UCL Discovery
UCL home » Library Services » Electronic resources » UCL Discovery

Detection of haemoglobinopathies in single cells: An approach for preimplantation genetic diagnosis and early prenatal diagnosis

El-Hashemite, Nisreen Bint El Sharif Mohammed; (1999) Detection of haemoglobinopathies in single cells: An approach for preimplantation genetic diagnosis and early prenatal diagnosis. Doctoral thesis (Ph.D), UCL (University College London). Green open access

[thumbnail of out.pdf] Text
out.pdf

Download (15MB)

Abstract

β thalassaemia is defined as a group of heterogeneous anaemias in which the β globin peptide synthesis is either absent or reduced by 30% or more. It is the world's most widespread autosomal recessive single gene disorder and represents a major health problem. More than 200 million individuals world-wide carry the β thalassaemia gene with an estimated 75,000 thousands of affected individuals born annually. Because of this β thalassaemia has attracted a great deal of research interest both at the molecular and clinical levels, which has led to the understanding of the complex molecular pathogenesis. Recent clinical management has improved and increased the life expectancy of affected individuals, however, the treatment required is very expensive and unsatisfactory. Therefore, the aim is to control the incidence of the disorder through the provision of carrier detection and prenatal diagnosis. Although prenatal diagnosis has reduced the number of β thalassaemia births, potential risks to the fetus have been associated with the available procedures. Furthermore, pregnancy termination is still unacceptable for many families, and couples at risk are looking for a safer, less emotionally traumatic way to have normal offspring. An alternative is offered by preimplantation genetic diagnosis carried out on the third day after in vitro fertilisation. With the application of nested PCR, amplification of the minute amount of DNA in a single cell has become possible and DNA analysis of single gene disorders for preimplantation diagnosis can be achieved. To enable preimplantation diagnosis of β thalassaemia by direct detection of mutant β globin genes at the single cell level nested PCR and silver stained single stranded conformation polymorphism (SSCP) analysis were employed. However, two main problems with single cell PCR, contamination and allele specific amplification failure in addition to mosaicism can lead to misdiagnosis and the transfer of affected embryos. In this study, the reduction of allele specific amplification failure by the use of SDS/proteinsae K as a lysis buffer, and the application of fluorescence based PCR to reduce the incidence of contamination which becomes apparent when reamplification is done, are reported. Furthermore, this study has also focused on optimising DNA amplification procedures using standard or quantitative multiplex fluorescent PCR in single cells for the detection of mosaicism and age related trisomy 21 along with specific diagnosis of single gene disorder diagnosis and developing mutation analysis techniques such as fluorescent SSCP and automated fluorescent DGGE for either early prenatal diagnosis using transcervical cells or preimplantation diagnosis. Finally, the first step of applying any prevention program for haemoglobinopathies is the identification of mutations within the β globin gene. The molecular characterisation of β thalassaemia has been studied in samples from Jordan and Egypt to facilitate screening and prenatal programmes based on DNA methodology.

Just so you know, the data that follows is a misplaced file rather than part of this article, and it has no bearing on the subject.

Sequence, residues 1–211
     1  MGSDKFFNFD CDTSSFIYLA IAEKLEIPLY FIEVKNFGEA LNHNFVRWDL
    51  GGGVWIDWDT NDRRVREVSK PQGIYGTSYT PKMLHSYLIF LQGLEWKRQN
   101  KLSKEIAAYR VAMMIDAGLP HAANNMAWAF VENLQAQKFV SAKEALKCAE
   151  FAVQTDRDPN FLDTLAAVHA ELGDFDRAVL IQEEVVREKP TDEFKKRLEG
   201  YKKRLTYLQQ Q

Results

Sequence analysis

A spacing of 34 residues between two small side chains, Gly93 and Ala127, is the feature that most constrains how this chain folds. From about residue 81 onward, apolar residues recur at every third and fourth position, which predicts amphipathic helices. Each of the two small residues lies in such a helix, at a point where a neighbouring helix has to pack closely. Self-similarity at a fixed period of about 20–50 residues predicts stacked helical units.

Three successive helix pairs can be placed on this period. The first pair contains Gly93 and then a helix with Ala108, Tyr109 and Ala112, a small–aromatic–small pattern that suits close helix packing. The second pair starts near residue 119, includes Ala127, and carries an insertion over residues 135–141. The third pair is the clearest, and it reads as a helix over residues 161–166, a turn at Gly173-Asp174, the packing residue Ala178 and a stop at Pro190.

Type: Thesis (Doctoral)
Qualification: Ph.D
Title: Detection of haemoglobinopathies in single cells: An approach for preimplantation genetic diagnosis and early prenatal diagnosis
Open access status: An open access version is available from UCL Discovery
Language: English
Additional information: Thesis digitised by ProQuest.
Keywords: Biological sciences; Health and environmental sciences; Thalassaemia
URI: https://discovery.ucl.ac.uk/id/eprint/10111597
Downloads since deposit
33Downloads
Download activity - last month
Download activity - last 12 months
Downloads by country - last 12 months

Archive Staff Only

View Item View Item